My question comes from this Present perfect VS infinitive verb, where they explained that the sentence He became the first 16 year old to have scored a goal for his country is grammatically incorrect ...
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1 vote
1 answer
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Using the bare infinitive after the verb "support"

I work for a large nonprofit org with a very talented marketing and writing team. That said, I constantly see the verb "support(ing)" in our blog posts and articles, followed by a bare ...
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Question re: proper usage of to + infinitive construction

I have recently been asked about the grammatical accuracy of the sentence "My mother bought the book for me to study English." This sentence is meant to convey that the writer's mother ...
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3 votes
1 answer
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Placement of infinitive [closed]

How do you expect a debate on the green new deal between Marjorie Taylor Greene and Alexandria Ocasio-Cortez to go? Or How do you expect a debate on the green new deal to go between Marjorie Taylor ...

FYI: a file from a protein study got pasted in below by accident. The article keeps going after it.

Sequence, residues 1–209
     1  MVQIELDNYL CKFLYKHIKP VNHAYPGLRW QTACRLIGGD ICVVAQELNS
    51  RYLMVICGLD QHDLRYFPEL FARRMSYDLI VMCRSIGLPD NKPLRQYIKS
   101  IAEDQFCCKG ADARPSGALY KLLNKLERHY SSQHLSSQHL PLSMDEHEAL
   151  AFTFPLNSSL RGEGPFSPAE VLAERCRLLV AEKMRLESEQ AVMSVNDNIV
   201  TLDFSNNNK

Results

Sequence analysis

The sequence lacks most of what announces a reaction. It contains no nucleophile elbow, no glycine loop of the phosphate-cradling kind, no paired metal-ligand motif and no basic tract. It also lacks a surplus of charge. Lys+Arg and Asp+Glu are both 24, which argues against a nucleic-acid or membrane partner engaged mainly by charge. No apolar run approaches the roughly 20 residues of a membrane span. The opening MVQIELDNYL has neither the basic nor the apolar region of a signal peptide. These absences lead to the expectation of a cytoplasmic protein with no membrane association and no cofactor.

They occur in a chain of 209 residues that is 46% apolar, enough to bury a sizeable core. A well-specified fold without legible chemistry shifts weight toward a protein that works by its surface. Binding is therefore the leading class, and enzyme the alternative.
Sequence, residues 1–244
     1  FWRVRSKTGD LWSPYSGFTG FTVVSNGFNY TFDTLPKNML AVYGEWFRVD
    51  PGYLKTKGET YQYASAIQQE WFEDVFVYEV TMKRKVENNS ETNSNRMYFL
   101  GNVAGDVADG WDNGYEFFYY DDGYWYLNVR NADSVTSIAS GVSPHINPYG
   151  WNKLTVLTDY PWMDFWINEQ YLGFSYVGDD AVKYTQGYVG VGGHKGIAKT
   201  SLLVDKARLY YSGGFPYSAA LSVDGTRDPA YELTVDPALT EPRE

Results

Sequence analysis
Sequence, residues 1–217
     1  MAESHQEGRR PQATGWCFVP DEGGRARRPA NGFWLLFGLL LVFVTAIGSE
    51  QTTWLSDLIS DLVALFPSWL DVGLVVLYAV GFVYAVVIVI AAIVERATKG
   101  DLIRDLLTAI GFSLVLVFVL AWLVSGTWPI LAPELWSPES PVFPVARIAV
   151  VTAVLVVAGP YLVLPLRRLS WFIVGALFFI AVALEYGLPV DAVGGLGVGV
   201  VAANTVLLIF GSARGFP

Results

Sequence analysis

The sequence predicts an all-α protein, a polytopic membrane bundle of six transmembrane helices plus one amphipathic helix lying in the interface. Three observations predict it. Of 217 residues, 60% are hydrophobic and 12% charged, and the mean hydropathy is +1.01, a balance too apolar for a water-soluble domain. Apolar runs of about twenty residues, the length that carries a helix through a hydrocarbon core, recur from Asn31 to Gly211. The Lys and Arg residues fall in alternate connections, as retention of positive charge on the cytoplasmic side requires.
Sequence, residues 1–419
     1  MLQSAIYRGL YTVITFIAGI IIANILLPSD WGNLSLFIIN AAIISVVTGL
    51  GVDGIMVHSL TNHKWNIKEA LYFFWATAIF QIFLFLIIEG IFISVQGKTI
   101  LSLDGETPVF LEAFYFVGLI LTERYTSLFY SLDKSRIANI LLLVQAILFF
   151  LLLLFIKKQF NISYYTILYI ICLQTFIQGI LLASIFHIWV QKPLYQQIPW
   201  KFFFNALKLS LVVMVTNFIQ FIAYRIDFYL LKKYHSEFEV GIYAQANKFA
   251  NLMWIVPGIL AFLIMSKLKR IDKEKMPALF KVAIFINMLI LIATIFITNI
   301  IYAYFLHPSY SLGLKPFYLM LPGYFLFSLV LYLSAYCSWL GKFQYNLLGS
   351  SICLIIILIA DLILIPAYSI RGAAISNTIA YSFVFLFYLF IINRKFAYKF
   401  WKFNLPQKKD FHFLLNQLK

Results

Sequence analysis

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Can we use a to-infinitive directly after the subject? [closed]

Hong Kong to ban flights from India, Bangladesh. Is the above sentence grammatically correct? OR does it require a verb: Hong Kong is to ban flights from India, Bangladesh. So, basically ... which ...
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Recommended: passive + to-infinitive

Fowler’s Dictionary supports examples like the following in the passive, but not their active counterparts The committee is being recommended to approve the proposals However, it says about double ...
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Can the present participle be used as adverbials of purpose?

Usually, infinitives with 'to' are used to indicate adverbials of purpose. e.g. I go downstairs to collect my parcel. In order to keep warm, my dog curls up on the rug beside my bed every evening. ...
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After the colon, should I use “to speak” and then “to be” or just the bare infinitives?

After the colon, should I use “to speak” and then “to be” or just the bare infinitives in the following sentence: Now, you can see what the two necessary conditions were in order to stay here: (to) ...
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What does this infinitive mean?